Design

Dell pioneered the thin-bezel laptop, but that does not mean they did not have room to improve on their original design over the years. The first several generations featured a webcam at the bottom of the panel, which was flattering to no one. With the proliferation of video chat, such a decision would be a major negative to many people. But thankfully Dell solved that particular issue a couple of generations ago, and the new model continues to pack a 720p webcam in the correct location above the display, with only a slightly taller top display bezel to accommodate the camera. And speaking of the display bezel, Dell has tweaked their design language slightly over the XPS 13 2-in-1, with both the black and white models both featuring a black display bezel on the clamshell XPS 13, which helps it disappear into the background a bit easier than the white bezel on the 2-in-1.


The XPS 13 in Platinum Silver with black carbon fiber

Another nice change over the 2-in-1 version is that Dell is not using their MagLev keyboard design, instead outfitting the XPS 13 with a more traditional scissor-switch keyboard with 1.0 mm of travel. The MagLev has a very short throw, whereas I find the traditional keyboard to be much more reassuring to use.

Dell is offering the XPS 13 in the same color choices as the 2-in-1 as well. The Platinum Silver model features a black carbon fiber keyboard deck with a soft-touch coating, while the Arctic White model features a woven fiber keyboard deck which Dell has treated with a stain and UV resistant coating, to prevent the deck from yellowing with age. The Arctic White is only $49 more, and certainly makes a statement, although it still suffers from the same issue as all white-on-white laptops with white backlighting, which is that the keyboard backlighting can wash out the keys in a bright room. That is a fairly minor negative though, for an otherwise fantastic finish.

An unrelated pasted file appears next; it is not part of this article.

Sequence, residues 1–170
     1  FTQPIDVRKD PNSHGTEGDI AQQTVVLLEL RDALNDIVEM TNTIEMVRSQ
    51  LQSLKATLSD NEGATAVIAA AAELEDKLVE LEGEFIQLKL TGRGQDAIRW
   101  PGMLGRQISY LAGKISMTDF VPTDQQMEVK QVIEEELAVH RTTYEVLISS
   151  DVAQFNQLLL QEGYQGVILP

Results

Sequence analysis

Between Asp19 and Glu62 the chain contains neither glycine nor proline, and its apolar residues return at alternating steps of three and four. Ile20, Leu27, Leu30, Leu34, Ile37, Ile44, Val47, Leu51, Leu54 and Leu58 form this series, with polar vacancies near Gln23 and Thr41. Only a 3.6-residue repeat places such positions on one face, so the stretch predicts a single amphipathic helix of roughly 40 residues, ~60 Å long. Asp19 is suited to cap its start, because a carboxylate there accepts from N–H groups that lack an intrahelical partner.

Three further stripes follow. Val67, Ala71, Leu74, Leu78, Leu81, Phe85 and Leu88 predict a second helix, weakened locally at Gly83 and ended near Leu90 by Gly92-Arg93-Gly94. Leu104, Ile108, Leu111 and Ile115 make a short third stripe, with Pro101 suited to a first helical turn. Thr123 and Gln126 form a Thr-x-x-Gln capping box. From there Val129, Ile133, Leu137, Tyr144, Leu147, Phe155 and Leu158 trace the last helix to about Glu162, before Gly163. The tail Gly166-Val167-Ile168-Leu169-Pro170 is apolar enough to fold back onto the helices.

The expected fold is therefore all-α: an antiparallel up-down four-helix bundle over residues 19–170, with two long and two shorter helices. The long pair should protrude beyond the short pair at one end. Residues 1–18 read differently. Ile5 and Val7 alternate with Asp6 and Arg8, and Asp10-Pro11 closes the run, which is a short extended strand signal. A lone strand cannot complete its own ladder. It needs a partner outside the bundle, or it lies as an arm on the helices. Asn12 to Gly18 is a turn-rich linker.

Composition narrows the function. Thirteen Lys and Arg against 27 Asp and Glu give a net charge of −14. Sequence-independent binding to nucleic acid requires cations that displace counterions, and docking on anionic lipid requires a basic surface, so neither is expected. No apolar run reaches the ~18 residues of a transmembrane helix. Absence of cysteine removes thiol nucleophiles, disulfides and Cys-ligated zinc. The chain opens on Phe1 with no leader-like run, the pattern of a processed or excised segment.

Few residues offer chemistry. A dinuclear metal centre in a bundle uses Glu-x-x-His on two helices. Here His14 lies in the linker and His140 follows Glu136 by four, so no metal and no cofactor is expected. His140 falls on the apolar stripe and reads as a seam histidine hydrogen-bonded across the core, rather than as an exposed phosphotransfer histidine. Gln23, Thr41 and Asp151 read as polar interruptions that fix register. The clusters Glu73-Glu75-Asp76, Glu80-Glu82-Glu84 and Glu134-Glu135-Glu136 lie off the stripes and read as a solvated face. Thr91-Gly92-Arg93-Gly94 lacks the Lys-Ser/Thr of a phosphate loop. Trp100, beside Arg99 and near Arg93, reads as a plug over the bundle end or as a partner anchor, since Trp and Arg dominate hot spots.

The XPS 13 also features an excellent trackpad, offering a very smooth finish, and good precision. Laptop trackpads have come a long way, and part of that is the standardization on the Microsoft Precision touchpad drivers, which Dell employs here.

Dell has eschewed the use of USB Type-A ports, instead offering just a single USB Type-C port on each side of the laptop. This in turn is paired with a 3.5 mm headset jack on the right, and a micro SD card reader on the left. Although the XPS 13 lacks ports in numbers, it somewhat makes up for that with both USB ports supporting Thunderbolt 3, including power delivery. It is unfortunate that the Type-C port has found itself to be so confusing in its capabilities, but with the XPS 13 supporting the full range of protocols, as well as four lanes of PCIe on both ports, that at least is not a liability here. Dell does include a Type-C to Type-A adapter in the box as well, for those that require the larger port. By including power delivery on both sides of the laptop, that also means the XPS 13 can charge on either side, which can be very handy when moving the laptop from place to place.

Dell’s design ethos with their XPS lineup has converged across the entire range of XPS laptops, and with great success. The CNC milled aluminum bodies, thin bezels, compact designs, and lightweight chassis make for some of the most compelling devices in the industry. Moving to a 16:10 aspect ration on their XPS line has been yet another design win for Dell, and helps provide the excellent 91.5% screen to body ratio found on this XPS 13 notebook by further shrinking the bottom bezel. Dell has sculpted a clean, sleek, and functional device, and while the rest of the industry has also adopted the thin-bezel design, Dell has really mastered it.

Introduction System Performance
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  • Erulian - Thursday, July 16, 2020 - link